China’s Censorship Leverage

Reader’s Digest has removed Australian novelist LA Larkin’s Thirst from its anthology of condensed novels in order to maintain a cheap publishing deal with a Chinese printing firm that refused to print Larkin’s work due to its reference to Falun Gong and related state oppression. The Guardian reports:

One of Larkin’s characters trapped in the station is Wendy Woo, a Chinese-Australian. Woo fled to Australia because the Chinese authorities arrested her mother for being a member of the banned religious group Falun Gong. Larkin has her saying that she had not “learned until much later of the horrific torture her mother had endured because she refused to recant”.

State oppression in China is not a major theme of a novel set in Antarctica. But Larkin needed to provide a back story for Woo and a link between her and the villains of her drama. In any case, she was a free author living in a free country and was free to express her abhorrence of torture and the denial of freedom of conscience. Or so she thought, until she discovered last week that she was not as free as she thought.

The cost of printing makes up the largest part of the price of book production. Publishers have outsourced manufacturing to China, like so many other industries have done. The printing firm noticed the heretical passages in Larkin’s novel. All references to Falun Gong had to go, it said, as did all references to agents of the Chinese state engaging in torture.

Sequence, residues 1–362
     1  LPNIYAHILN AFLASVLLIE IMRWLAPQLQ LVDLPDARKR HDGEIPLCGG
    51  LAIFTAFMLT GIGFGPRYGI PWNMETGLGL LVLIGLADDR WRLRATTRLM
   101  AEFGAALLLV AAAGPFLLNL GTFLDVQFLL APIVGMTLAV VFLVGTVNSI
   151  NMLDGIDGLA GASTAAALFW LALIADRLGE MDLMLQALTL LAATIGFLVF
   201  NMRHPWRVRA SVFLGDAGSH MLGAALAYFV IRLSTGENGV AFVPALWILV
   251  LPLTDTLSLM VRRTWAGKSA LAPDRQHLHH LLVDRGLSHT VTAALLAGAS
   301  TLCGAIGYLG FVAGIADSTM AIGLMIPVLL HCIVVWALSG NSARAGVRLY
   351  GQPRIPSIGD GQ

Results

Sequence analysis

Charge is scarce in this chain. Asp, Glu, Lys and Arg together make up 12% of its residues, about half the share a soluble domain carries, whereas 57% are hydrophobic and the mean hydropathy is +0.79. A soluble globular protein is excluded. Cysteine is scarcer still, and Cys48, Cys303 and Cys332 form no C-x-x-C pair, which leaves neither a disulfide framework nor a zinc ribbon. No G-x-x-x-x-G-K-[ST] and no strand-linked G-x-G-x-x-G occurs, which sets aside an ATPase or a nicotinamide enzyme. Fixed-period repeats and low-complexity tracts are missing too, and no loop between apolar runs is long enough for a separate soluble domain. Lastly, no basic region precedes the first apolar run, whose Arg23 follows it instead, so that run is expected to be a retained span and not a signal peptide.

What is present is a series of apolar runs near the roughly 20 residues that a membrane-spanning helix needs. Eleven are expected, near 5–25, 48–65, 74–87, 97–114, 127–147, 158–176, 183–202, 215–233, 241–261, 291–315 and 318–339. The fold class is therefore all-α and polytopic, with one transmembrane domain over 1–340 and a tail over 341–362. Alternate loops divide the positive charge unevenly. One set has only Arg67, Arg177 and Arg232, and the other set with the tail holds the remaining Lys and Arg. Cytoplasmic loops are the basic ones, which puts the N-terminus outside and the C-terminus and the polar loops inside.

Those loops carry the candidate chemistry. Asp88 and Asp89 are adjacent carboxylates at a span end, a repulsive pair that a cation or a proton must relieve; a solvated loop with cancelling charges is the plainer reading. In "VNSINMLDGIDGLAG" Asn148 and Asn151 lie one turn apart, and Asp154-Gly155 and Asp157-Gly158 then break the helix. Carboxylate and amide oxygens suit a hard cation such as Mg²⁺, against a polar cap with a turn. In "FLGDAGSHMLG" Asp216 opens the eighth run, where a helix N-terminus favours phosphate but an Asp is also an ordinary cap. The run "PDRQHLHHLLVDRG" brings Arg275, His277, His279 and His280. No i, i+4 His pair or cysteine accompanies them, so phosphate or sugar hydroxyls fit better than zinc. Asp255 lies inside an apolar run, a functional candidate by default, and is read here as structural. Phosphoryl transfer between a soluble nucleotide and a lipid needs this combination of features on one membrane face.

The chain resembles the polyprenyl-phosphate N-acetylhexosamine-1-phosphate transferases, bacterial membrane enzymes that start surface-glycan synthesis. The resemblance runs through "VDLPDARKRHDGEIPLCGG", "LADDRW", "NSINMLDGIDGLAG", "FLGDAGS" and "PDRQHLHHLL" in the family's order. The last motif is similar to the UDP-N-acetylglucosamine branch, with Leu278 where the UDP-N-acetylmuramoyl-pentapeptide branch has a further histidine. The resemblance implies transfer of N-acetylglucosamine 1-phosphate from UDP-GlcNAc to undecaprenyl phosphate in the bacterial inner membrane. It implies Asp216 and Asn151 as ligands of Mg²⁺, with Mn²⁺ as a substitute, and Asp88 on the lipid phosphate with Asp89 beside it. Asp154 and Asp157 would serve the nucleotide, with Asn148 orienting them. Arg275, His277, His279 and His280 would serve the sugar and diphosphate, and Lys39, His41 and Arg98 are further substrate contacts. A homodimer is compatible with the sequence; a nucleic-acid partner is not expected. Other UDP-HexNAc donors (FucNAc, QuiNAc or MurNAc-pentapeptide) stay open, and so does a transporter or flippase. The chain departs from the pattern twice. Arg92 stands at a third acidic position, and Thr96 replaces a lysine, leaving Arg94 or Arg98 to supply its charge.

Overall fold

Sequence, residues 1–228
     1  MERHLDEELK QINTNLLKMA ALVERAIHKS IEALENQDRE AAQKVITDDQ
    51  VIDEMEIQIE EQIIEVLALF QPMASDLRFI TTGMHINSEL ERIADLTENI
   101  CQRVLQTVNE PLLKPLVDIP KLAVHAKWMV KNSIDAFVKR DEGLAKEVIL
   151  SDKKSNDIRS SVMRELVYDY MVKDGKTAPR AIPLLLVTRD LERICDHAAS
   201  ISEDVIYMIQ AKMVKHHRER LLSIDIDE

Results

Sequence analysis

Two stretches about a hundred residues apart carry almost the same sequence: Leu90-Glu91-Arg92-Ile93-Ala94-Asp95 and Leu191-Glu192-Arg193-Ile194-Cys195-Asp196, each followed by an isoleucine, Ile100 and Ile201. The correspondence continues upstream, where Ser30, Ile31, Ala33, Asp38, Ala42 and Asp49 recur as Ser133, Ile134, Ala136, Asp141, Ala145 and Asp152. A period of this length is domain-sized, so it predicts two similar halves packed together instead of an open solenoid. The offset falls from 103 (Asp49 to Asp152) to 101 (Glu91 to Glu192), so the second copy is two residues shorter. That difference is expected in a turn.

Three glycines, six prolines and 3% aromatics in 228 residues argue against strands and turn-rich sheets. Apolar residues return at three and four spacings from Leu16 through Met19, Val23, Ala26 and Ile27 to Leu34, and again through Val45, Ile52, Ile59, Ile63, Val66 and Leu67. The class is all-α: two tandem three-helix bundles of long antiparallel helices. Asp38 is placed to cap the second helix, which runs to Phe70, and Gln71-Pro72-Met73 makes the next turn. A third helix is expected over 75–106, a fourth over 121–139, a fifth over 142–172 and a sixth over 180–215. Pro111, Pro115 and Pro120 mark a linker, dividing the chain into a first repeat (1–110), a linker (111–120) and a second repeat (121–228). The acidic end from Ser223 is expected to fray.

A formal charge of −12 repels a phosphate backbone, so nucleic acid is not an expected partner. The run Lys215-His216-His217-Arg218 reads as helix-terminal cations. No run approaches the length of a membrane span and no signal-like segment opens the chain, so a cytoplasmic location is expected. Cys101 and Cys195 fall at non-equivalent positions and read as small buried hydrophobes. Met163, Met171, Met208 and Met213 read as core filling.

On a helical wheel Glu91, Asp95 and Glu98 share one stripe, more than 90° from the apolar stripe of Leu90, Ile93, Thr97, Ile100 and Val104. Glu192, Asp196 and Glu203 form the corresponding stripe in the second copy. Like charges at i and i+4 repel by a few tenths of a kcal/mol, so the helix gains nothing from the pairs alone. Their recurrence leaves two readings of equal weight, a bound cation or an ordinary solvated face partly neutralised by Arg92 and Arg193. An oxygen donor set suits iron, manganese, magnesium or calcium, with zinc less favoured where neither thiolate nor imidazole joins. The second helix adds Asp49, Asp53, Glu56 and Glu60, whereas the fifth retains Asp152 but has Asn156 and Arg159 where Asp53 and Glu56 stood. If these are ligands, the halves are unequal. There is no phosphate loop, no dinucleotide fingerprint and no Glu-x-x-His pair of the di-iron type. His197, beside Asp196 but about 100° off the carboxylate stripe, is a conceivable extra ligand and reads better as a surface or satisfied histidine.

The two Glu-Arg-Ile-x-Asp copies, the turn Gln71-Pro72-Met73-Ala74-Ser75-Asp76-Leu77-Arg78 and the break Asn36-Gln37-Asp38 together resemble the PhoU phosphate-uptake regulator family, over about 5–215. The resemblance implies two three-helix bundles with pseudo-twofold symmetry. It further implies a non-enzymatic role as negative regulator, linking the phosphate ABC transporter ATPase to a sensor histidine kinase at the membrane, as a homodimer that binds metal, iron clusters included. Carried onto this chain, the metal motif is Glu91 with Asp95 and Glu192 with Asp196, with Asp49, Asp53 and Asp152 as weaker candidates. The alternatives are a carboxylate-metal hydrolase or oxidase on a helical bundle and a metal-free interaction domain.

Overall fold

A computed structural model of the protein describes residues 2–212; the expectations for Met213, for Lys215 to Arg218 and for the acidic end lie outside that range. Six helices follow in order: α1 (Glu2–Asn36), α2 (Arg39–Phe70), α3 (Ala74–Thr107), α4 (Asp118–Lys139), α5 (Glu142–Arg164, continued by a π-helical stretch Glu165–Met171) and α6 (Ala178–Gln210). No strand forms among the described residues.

They demanded censorship, even though the book was a Reader’s Digest “worldwide English edition” for the Indian subcontinent, Australia, New Zealand, Malaysia and Singapore – not, you will note, for China. [Source]

The Economist looks how China tries to wield censorship leverage over the news content that foreign businesses publish for consumers in the West:

CHINA has long enjoyed leverage over foreign businesses and governments thanks to the lure of its huge market. This goes back even to the latter days of Mao when there was no market to access, just the portent of one.

Today the Communist Party wields its now formidable leverage in all manner of ways, successfully muting or softening criticism from CEOs and world leaders. Purveyors of content—whether Hollywood studios or internet companies—readily make compromises in order to do business in China.

[...] On March 24th Jim Romenesko, a watcher of American media, reported the resignation from Bloomberg News of Ben Richardson, an editor based in Hong Kong. Mr Richardson said he quit in protest of management’s handling—which is to say spiking but not admitting to as much—of an investigative story about one of China’s richest men and his ties to top leaders. On March 20th Peter T. Grauer, chairman of Bloomberg L.P., suggested that his news organisation should not even be pursuing such politically sensitive coverage. Given that he made his remarks at a public forum in Hong Kong, it seemed he was metaphorically shouting his sentiments across to mainland China. [Source]

Read more about the Chinese government’s efforts to export censorship outside its borders, via CDT.